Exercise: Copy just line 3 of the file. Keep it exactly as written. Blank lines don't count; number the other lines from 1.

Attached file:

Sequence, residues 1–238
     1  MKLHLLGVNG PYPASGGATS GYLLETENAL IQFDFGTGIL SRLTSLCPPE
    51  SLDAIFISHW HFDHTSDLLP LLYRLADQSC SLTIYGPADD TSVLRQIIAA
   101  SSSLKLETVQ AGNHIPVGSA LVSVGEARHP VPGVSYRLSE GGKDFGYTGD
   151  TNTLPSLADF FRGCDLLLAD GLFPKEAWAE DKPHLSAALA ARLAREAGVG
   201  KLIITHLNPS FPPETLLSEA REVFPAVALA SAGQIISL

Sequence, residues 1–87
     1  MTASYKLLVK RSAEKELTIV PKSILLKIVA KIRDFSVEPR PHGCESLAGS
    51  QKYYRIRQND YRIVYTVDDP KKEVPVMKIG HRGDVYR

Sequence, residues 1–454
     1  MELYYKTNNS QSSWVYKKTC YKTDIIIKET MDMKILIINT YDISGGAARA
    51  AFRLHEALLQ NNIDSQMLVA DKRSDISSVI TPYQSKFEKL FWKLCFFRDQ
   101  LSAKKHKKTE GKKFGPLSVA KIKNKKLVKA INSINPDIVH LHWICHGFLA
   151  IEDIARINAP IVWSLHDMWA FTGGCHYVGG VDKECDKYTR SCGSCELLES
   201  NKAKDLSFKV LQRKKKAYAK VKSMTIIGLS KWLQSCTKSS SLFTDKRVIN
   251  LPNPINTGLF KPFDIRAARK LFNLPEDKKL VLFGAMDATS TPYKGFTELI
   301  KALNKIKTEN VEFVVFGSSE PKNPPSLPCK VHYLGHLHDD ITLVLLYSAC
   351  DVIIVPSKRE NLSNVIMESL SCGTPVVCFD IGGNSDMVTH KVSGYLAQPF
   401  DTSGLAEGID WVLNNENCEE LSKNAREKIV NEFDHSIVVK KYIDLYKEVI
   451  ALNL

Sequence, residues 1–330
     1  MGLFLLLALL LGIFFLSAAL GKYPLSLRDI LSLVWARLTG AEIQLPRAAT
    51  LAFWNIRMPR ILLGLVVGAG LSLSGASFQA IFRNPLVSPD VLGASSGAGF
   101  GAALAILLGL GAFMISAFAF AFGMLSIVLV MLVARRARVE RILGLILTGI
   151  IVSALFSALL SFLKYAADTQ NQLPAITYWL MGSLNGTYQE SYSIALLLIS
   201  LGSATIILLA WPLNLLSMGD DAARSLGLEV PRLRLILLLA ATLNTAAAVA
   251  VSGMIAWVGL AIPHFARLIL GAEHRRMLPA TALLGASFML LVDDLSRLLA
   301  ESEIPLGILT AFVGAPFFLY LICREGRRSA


    51  SLDAIFISHW HFDHTSDLLP LLYRLADQSC SLTIYGPADD TSVLRQIIAA